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Dave Eggers’ grammar

July 14, 2016

I’m reading Dave Eggers’ novel You Shall Know Our Velocity (great title) and on page 113 was brought up short by the following: “It was ridiculous for Hand and I to be playing like this” (Hand is the name of a character, just to clarify).

What? It was ridiculous for Hand and I..

No, no, no. No. You can’t say for Hand and I, any more than you can say for I. It should be for Hand and me. Just as it should be for me.

This is the kind of mistake known as a hyper-corrective error; people have a vague idea that and I sounds more formal than and me, probably because at school they were corrected for saying things like “Harry and me went to the mall”. So an imperfect notion of a rule forms: that I is in some general sense more correct than me. I remember once trying to disabuse a student of this notion, by explaining that where it would be right to say me alone, then it’s always right to say X and me. But she refused to believe me, arguing that the Queen always says my husband and I in speeches, never my husband and me. And the Queen ought to know, after all. It’s her English…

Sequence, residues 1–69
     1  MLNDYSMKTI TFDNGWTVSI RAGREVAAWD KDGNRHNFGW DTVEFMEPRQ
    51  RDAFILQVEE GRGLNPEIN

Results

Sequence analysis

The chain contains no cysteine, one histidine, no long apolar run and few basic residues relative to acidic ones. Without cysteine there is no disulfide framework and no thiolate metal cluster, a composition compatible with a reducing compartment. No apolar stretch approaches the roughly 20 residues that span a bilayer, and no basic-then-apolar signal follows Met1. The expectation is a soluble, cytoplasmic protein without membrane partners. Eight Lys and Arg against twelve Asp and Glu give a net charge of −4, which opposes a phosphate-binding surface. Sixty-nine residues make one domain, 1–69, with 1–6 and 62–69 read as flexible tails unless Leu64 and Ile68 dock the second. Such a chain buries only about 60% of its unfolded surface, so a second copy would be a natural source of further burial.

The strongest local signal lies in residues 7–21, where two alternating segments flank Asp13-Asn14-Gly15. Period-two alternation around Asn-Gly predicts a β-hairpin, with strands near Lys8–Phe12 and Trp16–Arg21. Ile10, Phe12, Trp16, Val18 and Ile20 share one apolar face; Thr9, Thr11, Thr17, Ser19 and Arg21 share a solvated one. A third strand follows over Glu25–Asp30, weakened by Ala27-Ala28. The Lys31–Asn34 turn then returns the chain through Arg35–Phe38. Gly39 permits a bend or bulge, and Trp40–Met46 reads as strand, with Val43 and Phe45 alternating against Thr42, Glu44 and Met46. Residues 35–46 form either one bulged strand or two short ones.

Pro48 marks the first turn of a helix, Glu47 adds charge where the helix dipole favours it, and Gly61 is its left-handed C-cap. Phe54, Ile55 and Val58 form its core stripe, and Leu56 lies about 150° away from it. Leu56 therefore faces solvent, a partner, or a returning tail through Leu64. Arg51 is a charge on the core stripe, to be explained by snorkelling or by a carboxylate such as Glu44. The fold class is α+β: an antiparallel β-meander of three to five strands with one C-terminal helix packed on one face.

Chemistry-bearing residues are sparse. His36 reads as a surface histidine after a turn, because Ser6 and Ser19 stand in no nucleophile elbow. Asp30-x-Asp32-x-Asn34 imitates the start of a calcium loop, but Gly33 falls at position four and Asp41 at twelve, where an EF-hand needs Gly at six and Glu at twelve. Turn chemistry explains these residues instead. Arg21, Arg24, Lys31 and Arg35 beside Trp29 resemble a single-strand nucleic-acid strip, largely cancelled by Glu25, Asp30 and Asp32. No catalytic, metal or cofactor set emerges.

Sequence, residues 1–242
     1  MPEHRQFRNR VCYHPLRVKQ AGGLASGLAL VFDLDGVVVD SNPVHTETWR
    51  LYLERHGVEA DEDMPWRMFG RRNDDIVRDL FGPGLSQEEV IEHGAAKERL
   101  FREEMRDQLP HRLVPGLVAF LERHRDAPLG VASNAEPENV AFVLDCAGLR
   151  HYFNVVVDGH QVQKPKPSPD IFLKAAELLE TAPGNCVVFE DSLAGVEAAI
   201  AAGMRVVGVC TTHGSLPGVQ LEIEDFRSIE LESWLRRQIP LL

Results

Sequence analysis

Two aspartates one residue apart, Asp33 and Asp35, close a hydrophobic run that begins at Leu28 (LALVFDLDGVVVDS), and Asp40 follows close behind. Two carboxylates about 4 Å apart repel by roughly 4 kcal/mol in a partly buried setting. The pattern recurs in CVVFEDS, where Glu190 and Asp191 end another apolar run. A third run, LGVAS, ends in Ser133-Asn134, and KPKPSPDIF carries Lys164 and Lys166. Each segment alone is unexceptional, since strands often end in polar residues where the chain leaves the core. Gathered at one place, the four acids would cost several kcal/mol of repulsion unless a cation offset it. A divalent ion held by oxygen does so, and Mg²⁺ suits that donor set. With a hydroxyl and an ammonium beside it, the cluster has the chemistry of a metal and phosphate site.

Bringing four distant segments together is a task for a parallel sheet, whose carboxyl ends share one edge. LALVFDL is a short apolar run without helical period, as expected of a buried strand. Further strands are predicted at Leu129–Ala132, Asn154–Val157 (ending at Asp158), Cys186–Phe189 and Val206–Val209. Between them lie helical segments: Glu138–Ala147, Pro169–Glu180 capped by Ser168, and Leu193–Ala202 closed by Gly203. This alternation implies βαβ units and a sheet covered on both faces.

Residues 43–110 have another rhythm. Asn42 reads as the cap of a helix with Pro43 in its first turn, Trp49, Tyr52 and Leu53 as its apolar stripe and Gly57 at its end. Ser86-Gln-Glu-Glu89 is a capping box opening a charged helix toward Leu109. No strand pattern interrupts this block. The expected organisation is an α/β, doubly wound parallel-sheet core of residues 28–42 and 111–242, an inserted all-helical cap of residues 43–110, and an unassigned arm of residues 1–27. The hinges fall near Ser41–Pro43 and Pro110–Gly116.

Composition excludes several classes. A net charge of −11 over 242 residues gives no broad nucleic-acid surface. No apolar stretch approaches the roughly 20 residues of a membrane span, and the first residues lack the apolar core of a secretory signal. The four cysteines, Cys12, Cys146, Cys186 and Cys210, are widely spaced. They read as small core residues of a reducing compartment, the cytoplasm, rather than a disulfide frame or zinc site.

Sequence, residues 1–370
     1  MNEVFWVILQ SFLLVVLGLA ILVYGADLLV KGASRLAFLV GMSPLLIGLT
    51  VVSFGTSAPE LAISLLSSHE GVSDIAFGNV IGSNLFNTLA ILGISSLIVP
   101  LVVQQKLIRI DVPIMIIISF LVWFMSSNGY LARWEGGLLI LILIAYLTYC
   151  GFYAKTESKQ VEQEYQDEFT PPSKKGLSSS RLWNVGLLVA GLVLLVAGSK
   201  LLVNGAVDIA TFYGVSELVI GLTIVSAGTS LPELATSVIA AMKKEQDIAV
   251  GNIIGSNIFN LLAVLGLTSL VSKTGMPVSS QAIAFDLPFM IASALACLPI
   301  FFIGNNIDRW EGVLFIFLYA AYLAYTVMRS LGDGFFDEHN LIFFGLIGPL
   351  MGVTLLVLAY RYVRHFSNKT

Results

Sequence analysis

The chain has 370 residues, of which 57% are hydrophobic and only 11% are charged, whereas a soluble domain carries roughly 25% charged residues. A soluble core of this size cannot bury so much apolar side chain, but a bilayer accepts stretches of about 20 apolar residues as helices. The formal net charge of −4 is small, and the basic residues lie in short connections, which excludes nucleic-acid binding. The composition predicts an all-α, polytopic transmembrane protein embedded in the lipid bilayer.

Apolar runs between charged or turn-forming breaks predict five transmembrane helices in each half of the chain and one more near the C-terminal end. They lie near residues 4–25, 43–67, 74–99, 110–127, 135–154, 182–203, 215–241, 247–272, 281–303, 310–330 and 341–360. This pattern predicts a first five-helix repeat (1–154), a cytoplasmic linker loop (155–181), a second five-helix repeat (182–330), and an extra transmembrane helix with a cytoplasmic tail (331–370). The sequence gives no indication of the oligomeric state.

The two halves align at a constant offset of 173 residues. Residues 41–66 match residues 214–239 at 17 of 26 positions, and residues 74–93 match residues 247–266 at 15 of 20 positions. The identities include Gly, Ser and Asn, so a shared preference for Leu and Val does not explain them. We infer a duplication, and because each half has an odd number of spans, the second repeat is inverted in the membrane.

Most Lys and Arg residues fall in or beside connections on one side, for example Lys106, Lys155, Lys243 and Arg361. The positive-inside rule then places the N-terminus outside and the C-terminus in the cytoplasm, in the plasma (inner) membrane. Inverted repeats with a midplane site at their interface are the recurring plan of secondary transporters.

It’s not at all an uncommon error, even among highly educated people; Bill Clinton did it (“Give Al Gore and I a chance”). Still, I’m surprised at a writer of Dave Eggers’ gifts getting this one wrong. Elsewhere in the book I’ve also noticed that he confuses lay and laid, and sank and sunk. Maybe that’s just supposed to be the voice of the narrator – a guy whose grammar ain’t great – but I don’t think so, because the novel is generally written in beautiful clear balanced complex sentences, with an impressively wide and accurately-deployed vocabulary. It’s a literary novel. Do these tiny mistakes spoil it? Not really; it’s still an enjoyable and stimulating read. Yet these little blips are distractions and the novel would be better without them.

Really, I’m just curious. How is it that a writer as gifted and sensitive to words as Dave Eggers doesn’t automatically know this? I don’t mean, why hasn’t he memorised all the rules of English grammar; I mean, why doesn’t he just know what sounds right? It always puzzles me when writers who are much, much better at writing than me make these unintended grammatical slips, which I’d never make.

A thought: maybe I’d be a better writer if my grammar was worse…?

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